While reading, did you choose to hear the relaxing instrumental music linked at the beginning of this article? To learn more about it, click here.
Listen FREE to the songs below . . . chosen to enhance the ideas in this article.

Listen FREE to the songs below . . . chosen to enhance the ideas in this article.

Related Songs
A Heartbeat in Eternity’s Highway
In the grand scheme of things, what’s the difference between a single moment and all of eternity? What’s the point of reference?

You Gotta Have Fun
Our moments are fleeting . . . and finite. Too few to squander on "bad news". We must steer our attention deliberately in order to attract the kind of life we were born to live.

Way of the World
Life is so huge . . . so diverse . . . the possibilities are literally infinite. What’s the best way to sort it all out and carve out a little niche of our own?

Love is Who You Are
"What is love, anyway?" Is it something you give or get, have or make? Or could it be, down deep, simply who we are?

Songs by Tupelo

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How Do You Feel About Inner Guidance?
Is it a hunch? Is it a voice in your head? Is it something you feel? Don’t confuse what you feel with who you are. Once you are able to access this awareness of pure being and identify yourself with it, you won’t get carried away by whatever emotional cloud happens to be passing by. Celebrate life through one of the more subtle forms of communication available to us – inner guidance.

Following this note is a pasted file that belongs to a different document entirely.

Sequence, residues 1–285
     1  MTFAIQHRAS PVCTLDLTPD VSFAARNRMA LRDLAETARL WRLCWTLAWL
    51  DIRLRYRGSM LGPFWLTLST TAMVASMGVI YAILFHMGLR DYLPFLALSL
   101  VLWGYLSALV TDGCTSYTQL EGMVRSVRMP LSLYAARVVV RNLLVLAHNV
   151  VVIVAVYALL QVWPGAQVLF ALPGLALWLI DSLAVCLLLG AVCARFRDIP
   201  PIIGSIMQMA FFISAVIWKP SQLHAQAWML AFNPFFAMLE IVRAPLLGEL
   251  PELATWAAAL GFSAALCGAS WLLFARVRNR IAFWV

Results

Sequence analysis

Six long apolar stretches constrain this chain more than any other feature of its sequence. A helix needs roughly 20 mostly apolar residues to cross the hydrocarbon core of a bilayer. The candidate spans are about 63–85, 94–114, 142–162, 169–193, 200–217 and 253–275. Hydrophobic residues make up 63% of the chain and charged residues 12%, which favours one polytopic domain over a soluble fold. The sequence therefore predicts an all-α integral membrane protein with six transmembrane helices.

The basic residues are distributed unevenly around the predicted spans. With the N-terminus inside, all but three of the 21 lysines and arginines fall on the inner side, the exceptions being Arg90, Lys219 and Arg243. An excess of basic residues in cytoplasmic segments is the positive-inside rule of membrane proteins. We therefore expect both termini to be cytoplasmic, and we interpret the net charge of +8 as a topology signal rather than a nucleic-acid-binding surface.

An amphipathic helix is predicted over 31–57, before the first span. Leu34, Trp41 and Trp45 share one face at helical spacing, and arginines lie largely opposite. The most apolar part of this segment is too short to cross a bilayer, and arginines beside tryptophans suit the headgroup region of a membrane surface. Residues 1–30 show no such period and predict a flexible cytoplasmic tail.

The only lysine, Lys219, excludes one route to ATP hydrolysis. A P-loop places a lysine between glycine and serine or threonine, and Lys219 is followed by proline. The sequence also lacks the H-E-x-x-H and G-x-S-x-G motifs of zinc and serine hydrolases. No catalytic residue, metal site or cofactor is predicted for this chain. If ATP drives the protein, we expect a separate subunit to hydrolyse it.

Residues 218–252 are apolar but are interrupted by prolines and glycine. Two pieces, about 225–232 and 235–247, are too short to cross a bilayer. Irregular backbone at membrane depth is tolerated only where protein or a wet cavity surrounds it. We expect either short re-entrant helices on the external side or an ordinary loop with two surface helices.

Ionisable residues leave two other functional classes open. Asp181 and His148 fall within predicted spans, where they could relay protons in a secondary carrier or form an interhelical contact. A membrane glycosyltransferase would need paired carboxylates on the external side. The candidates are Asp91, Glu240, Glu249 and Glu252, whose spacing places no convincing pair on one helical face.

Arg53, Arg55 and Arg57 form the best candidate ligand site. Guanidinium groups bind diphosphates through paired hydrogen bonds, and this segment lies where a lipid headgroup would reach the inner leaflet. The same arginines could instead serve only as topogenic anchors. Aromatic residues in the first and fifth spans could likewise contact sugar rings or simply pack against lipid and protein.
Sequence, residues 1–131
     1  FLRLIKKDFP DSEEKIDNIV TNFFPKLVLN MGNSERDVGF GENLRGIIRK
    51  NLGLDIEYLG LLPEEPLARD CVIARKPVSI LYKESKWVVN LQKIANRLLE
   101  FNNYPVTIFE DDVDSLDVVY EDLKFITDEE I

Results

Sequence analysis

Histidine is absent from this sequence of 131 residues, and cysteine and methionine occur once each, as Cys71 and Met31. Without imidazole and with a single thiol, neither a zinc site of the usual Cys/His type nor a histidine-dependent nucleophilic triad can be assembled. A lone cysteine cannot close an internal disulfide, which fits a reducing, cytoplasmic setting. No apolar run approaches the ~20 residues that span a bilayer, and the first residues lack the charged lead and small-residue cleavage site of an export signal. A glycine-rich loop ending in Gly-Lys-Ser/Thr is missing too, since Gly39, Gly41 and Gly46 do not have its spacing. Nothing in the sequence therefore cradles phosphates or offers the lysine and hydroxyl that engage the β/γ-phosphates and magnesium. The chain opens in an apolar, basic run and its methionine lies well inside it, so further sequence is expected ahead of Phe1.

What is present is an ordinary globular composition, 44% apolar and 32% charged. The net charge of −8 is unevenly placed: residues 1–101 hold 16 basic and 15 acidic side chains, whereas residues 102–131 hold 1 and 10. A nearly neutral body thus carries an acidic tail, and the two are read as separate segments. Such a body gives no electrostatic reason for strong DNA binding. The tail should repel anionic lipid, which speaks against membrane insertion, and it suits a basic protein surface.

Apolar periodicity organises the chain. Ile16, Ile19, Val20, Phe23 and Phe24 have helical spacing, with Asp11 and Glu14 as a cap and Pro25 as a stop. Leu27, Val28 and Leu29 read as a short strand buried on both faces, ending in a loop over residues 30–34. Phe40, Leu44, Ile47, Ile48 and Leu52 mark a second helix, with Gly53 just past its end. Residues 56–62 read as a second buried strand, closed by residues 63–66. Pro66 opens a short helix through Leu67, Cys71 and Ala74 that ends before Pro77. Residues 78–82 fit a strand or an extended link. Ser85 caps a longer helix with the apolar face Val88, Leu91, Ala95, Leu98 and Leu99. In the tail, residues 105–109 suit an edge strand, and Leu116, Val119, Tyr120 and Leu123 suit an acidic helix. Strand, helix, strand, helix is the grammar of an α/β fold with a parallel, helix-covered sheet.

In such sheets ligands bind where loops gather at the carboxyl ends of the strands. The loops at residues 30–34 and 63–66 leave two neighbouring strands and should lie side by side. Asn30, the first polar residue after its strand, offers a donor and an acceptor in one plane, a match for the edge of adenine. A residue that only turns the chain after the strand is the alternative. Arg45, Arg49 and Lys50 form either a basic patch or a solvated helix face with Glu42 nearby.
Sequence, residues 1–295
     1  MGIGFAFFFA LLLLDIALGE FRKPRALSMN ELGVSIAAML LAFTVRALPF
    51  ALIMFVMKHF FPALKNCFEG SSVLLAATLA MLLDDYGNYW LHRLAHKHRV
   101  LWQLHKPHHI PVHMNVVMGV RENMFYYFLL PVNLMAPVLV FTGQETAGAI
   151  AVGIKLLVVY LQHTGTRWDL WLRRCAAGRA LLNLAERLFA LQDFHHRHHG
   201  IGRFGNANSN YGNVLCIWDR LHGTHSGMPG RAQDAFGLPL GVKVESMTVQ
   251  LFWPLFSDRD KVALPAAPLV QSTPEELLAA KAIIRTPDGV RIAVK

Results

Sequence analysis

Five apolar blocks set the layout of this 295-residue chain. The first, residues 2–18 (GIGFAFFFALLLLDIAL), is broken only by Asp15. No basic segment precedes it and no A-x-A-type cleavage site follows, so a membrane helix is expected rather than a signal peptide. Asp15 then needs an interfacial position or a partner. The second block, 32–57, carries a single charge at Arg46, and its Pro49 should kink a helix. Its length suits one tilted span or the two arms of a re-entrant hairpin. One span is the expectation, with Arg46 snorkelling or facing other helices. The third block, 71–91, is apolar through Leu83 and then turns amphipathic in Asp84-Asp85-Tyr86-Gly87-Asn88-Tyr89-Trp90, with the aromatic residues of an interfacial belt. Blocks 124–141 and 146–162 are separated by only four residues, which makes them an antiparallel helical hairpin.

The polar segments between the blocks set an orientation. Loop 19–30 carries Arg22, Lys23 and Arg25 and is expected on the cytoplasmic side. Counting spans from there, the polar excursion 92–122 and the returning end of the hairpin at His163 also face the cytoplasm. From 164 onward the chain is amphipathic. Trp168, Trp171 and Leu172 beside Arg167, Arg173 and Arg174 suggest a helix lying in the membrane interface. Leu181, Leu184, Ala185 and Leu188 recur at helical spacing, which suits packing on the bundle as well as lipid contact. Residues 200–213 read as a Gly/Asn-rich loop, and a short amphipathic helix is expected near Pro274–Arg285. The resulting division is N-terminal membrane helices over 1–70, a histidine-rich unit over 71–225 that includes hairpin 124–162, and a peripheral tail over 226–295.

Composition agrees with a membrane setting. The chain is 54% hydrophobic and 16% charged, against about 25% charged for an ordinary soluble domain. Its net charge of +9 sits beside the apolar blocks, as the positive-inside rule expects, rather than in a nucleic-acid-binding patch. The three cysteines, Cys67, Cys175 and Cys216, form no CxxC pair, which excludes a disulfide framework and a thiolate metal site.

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This is the end of the article entitled 10 Steps to Discovering Your Life’s Purpose published by Tupelo Kenyon on February 5, 2007 at 8:00 am | In Awareness, Inner Guidance, Productivity, Purpose - Copyright 2007 - All rights reserved worldwide.

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  1. [...] a previous article entitled, “10 Steps to Discovering Your Life’s Purpose,” I mentioned that, for me, “purpose” is the Rosetta Stone of all personal [...]

    Pingback by TupeloKenyon.com » The Law of Attraction — March 17, 2007 #

  2. TupeloKenyon.com » 10 Steps to Discovering Your Life’s Purpose

    Of all the self-help ideas I’ve come across through the years, this one has been the most helpful. For me, it’s been the Rosetta Stone of personal development techniques. After getting a handle on the idea of “purpose”, other areas of my life f…

    Trackback by highvibeit.com — July 18, 2007 #

  3. [...] always love reading the submissions I receive from Tupelo Kenyon. 10 Steps to Discovering Your Life’s Purpose posted at Tupelo Kenyon was no exception. In this article, Tupelo describes how he has finally, [...]

    Pingback by Personal Stories of Change Blog Carnival: Edition 7 » I will change your life . com — September 22, 2007 #